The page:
Tinei Mukweva is a courageous and dedicated human rights lawyer in Zimbabwe who has defied all odds by continuing to defend human rights defenders in the country despite brutal persecution by the police.
Mukweva has been beaten up and at times imprisoned while attending to his clients, who are mainly human rights activists battling against abuse “I have come to the rescue of many citizens who have been arrested for exercising their constitutional rights,” says Mukweva, “including women with babies. This is totally unacceptable in this era when we have a new constitution that guarantees citizens of fundamental rights, which the state is unwilling to enforce.”
Through the Abameli Trust, a non-partisan organization that provides legal representation for activists in Matebeleland and Bulawayo, Mukweva has helped bail out activists—including youth and women—who have been incarcerated in the country’s notorious prisons. Affected individuals include pressure group members from the Bulawayo Youths Arise (BUYA) and Women in Zimbabwe Arise (WOZA) organizations; they are the leading voices fighting against injustice in Matebeleland.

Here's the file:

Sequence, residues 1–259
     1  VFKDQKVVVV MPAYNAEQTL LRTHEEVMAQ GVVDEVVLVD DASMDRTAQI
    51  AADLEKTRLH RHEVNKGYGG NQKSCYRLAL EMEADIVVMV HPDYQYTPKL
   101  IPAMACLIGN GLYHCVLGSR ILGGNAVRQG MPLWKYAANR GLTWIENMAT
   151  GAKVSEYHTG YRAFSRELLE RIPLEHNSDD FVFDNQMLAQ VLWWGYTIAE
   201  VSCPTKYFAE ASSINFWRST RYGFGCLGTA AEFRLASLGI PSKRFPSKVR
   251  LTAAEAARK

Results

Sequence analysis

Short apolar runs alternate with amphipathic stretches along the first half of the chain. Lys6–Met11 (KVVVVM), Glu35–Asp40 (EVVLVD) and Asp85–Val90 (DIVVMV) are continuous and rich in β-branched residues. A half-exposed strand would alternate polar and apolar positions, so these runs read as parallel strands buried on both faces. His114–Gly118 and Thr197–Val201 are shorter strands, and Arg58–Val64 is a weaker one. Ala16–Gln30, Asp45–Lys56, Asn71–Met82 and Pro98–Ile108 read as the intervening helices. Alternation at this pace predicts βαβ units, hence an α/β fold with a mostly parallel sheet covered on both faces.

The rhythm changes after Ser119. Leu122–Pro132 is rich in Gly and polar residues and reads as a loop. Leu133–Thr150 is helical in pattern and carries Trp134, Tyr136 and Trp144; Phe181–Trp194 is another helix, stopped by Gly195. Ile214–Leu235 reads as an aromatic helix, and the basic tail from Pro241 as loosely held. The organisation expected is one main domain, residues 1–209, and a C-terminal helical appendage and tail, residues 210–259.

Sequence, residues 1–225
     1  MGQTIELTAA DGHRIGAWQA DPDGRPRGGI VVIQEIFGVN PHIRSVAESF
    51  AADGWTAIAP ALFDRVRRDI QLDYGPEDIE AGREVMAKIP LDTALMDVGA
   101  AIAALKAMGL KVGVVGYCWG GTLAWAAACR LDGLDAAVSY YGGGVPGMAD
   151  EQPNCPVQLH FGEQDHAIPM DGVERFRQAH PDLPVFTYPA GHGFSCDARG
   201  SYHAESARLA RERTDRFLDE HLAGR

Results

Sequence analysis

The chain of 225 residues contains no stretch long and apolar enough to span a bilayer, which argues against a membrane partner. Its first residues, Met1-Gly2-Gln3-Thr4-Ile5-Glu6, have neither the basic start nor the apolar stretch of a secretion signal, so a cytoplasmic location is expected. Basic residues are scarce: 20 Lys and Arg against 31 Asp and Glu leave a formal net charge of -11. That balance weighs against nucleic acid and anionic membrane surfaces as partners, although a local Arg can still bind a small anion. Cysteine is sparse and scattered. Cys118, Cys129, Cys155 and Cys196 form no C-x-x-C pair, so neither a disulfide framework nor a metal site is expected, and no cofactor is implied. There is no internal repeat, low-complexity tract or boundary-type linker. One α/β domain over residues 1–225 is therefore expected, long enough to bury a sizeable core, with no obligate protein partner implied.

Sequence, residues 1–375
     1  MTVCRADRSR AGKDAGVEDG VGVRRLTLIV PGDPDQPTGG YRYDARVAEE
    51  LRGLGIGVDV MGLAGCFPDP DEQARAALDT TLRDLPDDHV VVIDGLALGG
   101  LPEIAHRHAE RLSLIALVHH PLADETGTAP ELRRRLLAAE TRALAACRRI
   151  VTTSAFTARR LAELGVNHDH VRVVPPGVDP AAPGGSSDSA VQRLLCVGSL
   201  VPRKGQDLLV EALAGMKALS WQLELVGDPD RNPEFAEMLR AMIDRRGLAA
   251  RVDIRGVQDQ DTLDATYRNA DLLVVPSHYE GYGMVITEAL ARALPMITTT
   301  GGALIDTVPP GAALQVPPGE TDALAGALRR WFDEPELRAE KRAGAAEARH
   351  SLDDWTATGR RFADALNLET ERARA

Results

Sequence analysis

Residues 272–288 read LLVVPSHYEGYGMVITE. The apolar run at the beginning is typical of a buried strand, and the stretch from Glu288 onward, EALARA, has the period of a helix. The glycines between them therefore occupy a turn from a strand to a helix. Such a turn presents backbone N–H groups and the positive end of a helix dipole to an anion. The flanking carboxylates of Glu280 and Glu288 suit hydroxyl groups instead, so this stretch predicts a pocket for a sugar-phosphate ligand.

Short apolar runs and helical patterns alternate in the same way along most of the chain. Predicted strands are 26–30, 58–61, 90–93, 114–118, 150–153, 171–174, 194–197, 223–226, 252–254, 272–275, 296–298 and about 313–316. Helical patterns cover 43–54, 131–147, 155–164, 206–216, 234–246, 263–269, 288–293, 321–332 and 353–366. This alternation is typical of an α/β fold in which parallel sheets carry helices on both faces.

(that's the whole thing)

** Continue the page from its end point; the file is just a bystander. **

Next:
This has not been an easy task for Mukweva. “I have been beaten and detained ever since I was a student leader a decade ago,” he says, “and this hasn’t stopped. I face such challenges from these overzealous police officers who don’t even care that I’m assisting my clients. I don’t think it’s about ignorance of the law but personal ego, which is being promoted at state level.”
In recognition of his efforts, Mukweva is one of 60 Zimbabweans who are to visit the United States this summer for academic coursework under the prestigious Mandela Washington Fellowship.
“I feel honored and won’t be stopped or forced to quit human rights work,” he says.